I point out that the pre-eminent artists, Gulam Mohammed and his wife Nilima Sheikh had to leave the city for a while but have resettled there. “They’re very much a vital part of our lives in Vadodara,” he remarks, adding that Gulam Mohammed Sheikh was awarded the title of Padma Bhushan, four years ago.
To prevent our conversation from wading into the murky waters of political dialectics, I ask him for a self-appraisal, as an artist, to which he says with a blush, “After 18 years, I can only say that I’m evolving and hopefully, maturing. My early work was apolitical, there was a romantic disposition – as in my show Malhar depicting the seasons, in 2004 at Mumbai’s Jehangir Art Gallery. With time and exposure to more news on the Internet and social media sites, there has a been a deeper awareness. For instance, I can’t turn myself away from the unrest in the Kashmir valley and the deaths of hundreds of innocent children in the skirmishes.”
Collateral damage, 2018 (Inkjet on archival paper)
The awareness has manifested itself in his striking images of close-ups of children from the beleaguered valley as well as images of those in Syria and Palestine. Plus, he has employed metaphors: visuals of a dangling chandelier, a grand piano and a rocking horse placed against the backdrops of scenes of unrest.
He cites the names of Mumbai’s Atul Dodiya and Nalini Malini, Syria’s Tammam Azzam (now based in Dubai) and Palestine’s Mona Houtom (now located in London) among the contemporary artists he admires. Of the European masters he’s exultant about Francisco Goya, Gustav Klimt, Vincent Van Gogh and Marcel Duchamp (in particular his Nude Descending a Staircase, No. 2) and Henri de Toulouse Lautrec.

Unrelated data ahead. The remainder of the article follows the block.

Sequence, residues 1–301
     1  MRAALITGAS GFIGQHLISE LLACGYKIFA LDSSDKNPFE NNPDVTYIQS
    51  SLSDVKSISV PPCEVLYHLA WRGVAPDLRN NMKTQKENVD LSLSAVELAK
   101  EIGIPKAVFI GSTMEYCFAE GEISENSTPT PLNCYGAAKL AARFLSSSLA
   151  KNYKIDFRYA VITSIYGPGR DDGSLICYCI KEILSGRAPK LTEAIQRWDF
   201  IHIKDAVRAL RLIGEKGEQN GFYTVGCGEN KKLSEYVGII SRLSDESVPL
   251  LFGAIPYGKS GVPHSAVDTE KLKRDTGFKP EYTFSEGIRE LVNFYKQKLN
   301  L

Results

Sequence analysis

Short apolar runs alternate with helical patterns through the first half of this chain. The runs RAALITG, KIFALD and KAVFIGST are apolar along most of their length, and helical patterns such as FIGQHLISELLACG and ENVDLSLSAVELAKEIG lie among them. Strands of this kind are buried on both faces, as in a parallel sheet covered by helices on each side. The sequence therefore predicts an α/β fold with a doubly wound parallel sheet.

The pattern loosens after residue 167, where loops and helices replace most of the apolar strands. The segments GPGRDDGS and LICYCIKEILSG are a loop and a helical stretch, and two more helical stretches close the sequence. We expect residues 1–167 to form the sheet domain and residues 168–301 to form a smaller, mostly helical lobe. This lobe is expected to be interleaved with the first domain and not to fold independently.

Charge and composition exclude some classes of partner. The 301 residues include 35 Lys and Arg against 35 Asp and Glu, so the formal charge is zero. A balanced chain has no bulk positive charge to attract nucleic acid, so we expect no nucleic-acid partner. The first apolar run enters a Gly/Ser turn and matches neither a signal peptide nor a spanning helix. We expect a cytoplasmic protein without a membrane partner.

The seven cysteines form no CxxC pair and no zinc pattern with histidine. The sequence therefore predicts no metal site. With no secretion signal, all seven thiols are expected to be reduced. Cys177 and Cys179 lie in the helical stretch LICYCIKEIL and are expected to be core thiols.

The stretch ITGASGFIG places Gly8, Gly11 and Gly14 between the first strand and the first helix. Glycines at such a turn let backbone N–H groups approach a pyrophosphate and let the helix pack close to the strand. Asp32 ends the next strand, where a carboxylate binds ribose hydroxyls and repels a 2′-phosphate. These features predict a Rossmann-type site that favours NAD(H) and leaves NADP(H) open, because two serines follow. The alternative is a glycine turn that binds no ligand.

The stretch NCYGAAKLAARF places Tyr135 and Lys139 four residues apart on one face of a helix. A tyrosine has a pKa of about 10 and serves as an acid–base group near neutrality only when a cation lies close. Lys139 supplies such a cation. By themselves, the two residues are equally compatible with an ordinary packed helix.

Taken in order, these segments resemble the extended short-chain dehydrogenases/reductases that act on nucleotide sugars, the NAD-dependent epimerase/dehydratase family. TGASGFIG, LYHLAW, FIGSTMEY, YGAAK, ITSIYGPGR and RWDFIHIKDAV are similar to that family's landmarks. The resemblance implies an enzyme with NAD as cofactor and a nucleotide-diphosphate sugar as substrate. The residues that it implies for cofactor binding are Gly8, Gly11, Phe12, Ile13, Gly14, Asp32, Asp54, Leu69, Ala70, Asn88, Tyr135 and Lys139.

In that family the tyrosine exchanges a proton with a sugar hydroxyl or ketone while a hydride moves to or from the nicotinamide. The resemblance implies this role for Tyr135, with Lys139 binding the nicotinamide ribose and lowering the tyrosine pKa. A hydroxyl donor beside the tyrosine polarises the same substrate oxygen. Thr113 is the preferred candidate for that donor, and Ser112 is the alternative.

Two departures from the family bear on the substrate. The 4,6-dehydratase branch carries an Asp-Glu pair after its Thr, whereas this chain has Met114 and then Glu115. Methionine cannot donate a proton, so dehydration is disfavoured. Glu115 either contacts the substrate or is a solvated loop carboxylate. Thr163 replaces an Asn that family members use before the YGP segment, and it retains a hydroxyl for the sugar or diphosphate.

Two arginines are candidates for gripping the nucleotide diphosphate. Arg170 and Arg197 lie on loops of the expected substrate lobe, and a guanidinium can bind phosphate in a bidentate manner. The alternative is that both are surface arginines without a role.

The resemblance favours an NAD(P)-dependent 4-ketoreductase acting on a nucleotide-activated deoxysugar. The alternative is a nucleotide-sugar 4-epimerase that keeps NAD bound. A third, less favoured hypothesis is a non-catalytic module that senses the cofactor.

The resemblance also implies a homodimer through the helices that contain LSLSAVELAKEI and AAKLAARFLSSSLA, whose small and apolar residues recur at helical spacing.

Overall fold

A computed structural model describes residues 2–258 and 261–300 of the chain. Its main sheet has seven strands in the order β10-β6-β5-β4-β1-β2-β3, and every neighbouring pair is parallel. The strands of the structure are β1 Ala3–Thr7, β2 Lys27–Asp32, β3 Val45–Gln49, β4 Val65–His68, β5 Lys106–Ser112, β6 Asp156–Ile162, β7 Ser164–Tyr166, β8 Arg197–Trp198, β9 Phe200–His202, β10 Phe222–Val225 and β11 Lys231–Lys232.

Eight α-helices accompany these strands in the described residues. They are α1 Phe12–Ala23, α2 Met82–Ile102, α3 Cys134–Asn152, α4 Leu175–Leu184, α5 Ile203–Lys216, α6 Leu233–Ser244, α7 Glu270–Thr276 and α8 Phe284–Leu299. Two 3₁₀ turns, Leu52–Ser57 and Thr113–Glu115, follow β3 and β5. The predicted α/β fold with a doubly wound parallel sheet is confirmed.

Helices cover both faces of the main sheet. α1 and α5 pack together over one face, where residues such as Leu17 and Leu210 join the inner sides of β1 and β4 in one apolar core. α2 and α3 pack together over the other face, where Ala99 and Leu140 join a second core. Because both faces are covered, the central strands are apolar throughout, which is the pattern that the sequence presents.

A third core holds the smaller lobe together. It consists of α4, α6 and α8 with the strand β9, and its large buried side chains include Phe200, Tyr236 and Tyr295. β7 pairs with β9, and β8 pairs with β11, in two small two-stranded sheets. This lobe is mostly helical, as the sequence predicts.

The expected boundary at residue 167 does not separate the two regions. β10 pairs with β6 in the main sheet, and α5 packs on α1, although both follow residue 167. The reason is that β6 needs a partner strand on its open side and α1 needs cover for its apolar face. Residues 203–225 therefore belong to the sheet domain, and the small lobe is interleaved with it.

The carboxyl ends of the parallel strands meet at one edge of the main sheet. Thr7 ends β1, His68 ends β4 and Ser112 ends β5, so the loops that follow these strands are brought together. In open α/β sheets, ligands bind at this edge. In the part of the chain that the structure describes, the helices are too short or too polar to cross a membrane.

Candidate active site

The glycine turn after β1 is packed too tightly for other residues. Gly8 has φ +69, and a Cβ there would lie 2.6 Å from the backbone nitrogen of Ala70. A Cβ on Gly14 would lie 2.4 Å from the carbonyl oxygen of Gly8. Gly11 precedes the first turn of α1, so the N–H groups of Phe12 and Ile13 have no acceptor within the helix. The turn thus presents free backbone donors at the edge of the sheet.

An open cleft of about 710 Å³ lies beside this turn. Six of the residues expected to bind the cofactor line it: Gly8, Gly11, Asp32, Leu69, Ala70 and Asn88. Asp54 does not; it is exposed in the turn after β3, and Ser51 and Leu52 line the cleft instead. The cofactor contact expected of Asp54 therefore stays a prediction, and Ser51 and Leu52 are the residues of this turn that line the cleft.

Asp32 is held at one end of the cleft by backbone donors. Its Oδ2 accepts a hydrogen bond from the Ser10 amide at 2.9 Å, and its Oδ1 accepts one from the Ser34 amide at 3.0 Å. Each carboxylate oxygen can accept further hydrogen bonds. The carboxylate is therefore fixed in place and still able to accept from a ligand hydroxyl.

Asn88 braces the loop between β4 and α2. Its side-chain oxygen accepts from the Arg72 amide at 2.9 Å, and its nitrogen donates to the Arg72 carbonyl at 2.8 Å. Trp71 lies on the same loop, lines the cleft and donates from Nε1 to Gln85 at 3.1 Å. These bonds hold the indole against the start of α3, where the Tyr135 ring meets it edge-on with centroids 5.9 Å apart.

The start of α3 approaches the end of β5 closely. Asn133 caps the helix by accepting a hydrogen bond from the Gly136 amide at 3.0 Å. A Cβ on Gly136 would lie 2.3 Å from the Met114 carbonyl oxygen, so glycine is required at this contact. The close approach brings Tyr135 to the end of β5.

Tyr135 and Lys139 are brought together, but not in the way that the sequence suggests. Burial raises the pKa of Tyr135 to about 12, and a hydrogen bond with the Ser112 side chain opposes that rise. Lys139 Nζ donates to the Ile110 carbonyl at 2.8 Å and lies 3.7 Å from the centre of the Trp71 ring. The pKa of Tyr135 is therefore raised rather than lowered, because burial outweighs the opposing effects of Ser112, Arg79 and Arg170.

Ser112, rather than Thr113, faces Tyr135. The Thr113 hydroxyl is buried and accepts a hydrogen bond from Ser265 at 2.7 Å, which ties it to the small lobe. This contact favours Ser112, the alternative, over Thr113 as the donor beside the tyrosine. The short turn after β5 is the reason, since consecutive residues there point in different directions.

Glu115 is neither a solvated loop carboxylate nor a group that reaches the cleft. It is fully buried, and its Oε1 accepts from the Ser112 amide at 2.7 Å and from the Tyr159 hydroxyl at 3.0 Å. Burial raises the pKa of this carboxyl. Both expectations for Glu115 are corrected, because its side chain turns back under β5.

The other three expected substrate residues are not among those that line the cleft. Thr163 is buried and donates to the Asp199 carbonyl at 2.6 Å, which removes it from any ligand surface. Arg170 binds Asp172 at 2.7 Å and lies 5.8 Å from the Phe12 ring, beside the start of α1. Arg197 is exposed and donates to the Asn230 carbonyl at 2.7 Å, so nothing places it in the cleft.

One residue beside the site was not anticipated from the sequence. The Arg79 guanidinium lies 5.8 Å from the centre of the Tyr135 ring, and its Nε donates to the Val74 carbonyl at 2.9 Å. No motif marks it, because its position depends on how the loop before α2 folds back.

Ghost in the town - IV, 2017 (Ink jet on archival paper)
Apart from galleries in India, Rajib Chowdhury’s artworks have been exhibited, thanks to the efforts of London’s celebrated writer-curator Shaheen Merali, at shows in Berlin, Vienna and Weimar.
Yet as in the case of a majority of Vadodara’s established yet under-publicised artists, it hasn’t exactly been cushy life for Chowdhury. The struggle to reach out to a wider audience and gallery spaces persists. Among the most cherished ones for Indian artists, at home, he selects the Chemould Prescott Road, Project 88 and Sakshi of Mumbai, and the Vadehra Art Gallery of New Delhi.
Pegasus descending,2018(Inkjet print on archival paper)
Throughout our interview on a rain-lashed afternoon in Mumbai, I notice that Chowdhury smiles rarely and looks melancholic. The four gem-stone rings on his left-palm’s fingers, he wears, are “not because I believe in luck, but because my mother and sister insisted that I should wear them.”
Getting a bit personal now, I ask if there’s a sense of loss within him. To that, he responds, “Yes perhaps. My sister was widowed at an early age. My father passed away some years ago, he could never be as financially secure as a son would have wanted him to. And maybe there’s a sense of loving someone for nearly 11 years and then losing her. Since she was from a Gujarati family and I’m a Bengali, it wasn’t to be. That loss, if may say so, is tempered with a feeling of freedom.”
Not loneliness? “An artist can never be lonely, can he?” Chowdhury retorts. “He can express himself through so many mediums – oils, acryclic, digital, crayons, chacoal or just a pencil drawing.”
Lost in paradise-VIII 2018(Watercolour on paper)
I don’t know where this question is coming from. Intuitively, I ask him whether he has any recurring dream? Without a pause, the softspoken artist answers, “Over the years, I’ve repeatedly seen lots of snakes, some of them white, surrounding me in a room. They aren’t harmful, they don’t bite. And frequently, I see myself running after a train
which has left the railway station. My luggage is inside and I want to retrieve it. For good or bad, perhaps that’s an artist’s burden of dreams.”